Big Boat Series Wrap-Up

September 15 - San Francisco

"I've been to 30 Big Boat Series or thereabouts, and this was the best one ever," claimed John Kilroy, skipper of the Farr 40 Samba Pa Ti, at yesterday's awards ceremony. "The number of boats, the wind conditions, the race management - it was all great."

Kilroy, who also wrapped up the 8-regatta West Coast Farr 40 Championship, was one of five class winners who took home shiny new Rolexes as well as first place trophies. Roger Sturgeon (Rosebud, TP-52), Martin Brauns (Winnetou, SC 52), John Siegel (Scorpio, Wylie 42) and Dick DeVos (Windquest, 1D-35) were the other watch winners. For reasons that escape us, the largest (34 boats) and highly competitive J/105 class was overlooked in the watch sweepstakes this year. Aquavit skipper Tim Russell, sailing with youthful tactician Don Trask, topped the 105s whether or not race five is reinstated (it was tossed by the race committee due to a freighter fracas, but the case apparently may be reopened).

Other class winners in the record 115-boat fleet were John Wimer (Desdemona, J/120), Mark Dowdy (Eclipse, Express 37), Thomas Sponhlotz (Blue Agave, Beneteau 40.7), and Mike Garl (White Dove, Beneteau 40.7, Americap C). Oracle BMW and Alinghi also sailed two quick races, with Larry Ellison's minions getting the best of the Swiss visitors - a preview, perhaps, of the upcoming Moët Cup.

See www.stfyc.com for full results. And don't miss our coverage in the October issue of Latitude 38.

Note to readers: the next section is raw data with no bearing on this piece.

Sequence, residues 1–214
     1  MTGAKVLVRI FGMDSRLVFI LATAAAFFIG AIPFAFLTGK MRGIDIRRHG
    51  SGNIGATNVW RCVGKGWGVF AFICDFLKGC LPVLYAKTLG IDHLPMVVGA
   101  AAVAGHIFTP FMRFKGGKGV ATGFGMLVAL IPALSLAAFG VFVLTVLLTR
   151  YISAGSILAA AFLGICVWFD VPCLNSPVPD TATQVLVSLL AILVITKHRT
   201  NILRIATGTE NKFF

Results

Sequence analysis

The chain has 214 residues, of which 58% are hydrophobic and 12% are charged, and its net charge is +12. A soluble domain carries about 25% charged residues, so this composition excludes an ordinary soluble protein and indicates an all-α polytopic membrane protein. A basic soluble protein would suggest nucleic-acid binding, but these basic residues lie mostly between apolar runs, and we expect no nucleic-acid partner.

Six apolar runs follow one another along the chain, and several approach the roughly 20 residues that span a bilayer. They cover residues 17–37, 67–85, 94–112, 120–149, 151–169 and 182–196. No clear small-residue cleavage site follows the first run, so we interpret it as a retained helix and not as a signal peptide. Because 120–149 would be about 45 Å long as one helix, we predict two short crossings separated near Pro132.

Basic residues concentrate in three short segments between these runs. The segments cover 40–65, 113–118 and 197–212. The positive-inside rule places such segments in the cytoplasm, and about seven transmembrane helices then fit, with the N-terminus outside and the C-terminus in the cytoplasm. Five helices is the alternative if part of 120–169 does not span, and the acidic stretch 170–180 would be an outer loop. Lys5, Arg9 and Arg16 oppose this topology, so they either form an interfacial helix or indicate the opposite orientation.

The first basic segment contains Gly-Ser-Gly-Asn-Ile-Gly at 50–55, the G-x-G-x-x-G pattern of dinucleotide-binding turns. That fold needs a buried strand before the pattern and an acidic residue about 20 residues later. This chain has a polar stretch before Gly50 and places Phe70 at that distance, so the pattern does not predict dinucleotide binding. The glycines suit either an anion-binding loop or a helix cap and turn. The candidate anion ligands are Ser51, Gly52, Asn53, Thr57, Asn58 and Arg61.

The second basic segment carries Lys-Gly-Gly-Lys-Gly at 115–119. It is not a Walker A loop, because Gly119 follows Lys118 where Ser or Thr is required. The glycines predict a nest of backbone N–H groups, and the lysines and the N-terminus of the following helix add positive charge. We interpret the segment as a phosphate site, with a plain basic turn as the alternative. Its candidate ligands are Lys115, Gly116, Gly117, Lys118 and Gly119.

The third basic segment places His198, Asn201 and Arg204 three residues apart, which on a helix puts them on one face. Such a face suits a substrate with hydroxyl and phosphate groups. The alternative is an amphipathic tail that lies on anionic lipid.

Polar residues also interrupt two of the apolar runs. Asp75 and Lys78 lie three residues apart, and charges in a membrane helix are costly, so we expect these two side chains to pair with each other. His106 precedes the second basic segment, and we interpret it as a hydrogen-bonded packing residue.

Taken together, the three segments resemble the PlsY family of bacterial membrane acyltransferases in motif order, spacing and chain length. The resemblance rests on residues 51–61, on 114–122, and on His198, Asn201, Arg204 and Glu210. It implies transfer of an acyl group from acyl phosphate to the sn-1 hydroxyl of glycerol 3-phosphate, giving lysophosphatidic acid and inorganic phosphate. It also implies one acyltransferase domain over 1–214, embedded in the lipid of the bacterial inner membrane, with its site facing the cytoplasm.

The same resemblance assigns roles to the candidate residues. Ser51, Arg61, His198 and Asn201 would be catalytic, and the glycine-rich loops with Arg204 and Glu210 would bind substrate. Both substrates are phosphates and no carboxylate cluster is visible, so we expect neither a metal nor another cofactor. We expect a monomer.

Upwind or down, the first three days were warm and sunny.

Above and below: symmetry in the Farr 40 fleet

Mary Coleman, one of the few women skippers drives her Farr 40 Astra.

A TransPac 52 leads two others on a steaming run.
Photos Latitude/Richard

Take a Sail Magazine Senior Editor on the Ha-Ha?

September 15 - San Francisco

Kimball Livingston, San Francisco-based Senior Editor, West Coast, for Sail magazine, who for many years was the sailing writer for the San Francisco Chronicle, is interested in a berth on the Ha-Ha in order to do a story for Sail magazine. Got any room?

Livingston is an old friend of Latitude, and we can vouch for his sailing skills and excellent manners. Long ago he took third with an SC 27 in the Singlehanded Farallones Race and helped Bob Cole win his class in the TransPac with the Farr 51 Zamazaan, and when Clay Bernard needed rail meat for the Davidson 50 Great Fun in the Molokai Destruction Derby - it blew in the high 40s - Livingston offered his body for slaughter.

You can contact Kimball via email or at (415) 850-9274.


September 15 - The Pacific Ocean and Cyberspace

Who is out making passages in the Pacific and what kind of weather are they having? The YOTREPS daily yacht tracking page has moved to www.bitwrangler.com/psn.

Weather Updates

September 15 - Pacific Ocean

San Francisco Bay Weather

Check out this guide to San Francisco Bay Navigational Aids: http://sfports.wr.usgs.gov/sfports.html.

To see what the winds are like on the Bay and just outside the Gate right now, check out http://sfports.wr.usgs.gov/wind.

The National Weather Service site for San Francisco Bay is at www.wrh.noaa.gov/Monterey.

California Coast Weather

Looking for current as well as recent wind and sea readings from 17 buoys and stations between Pt. Arena and the Mexican border? Here's the place - which has further links to weather buoys and stations all over the U.S.: www.ndbc.noaa.gov/Maps/Southwest.shtml.

Pacific Winds and Pressure

The University of Hawaii Dept. of Meteorology page posts a daily map of the NE Pacific Ocean barometric pressure and winds.

Pacific Sea State

The site for the Pacific Ocean sea states has moved to http://www.mpc.ncep.noaa.gov/shtml/PacRegSSA.shtml.
For views of sea states anywhere in the world, see http://www.oceanweather.com/data.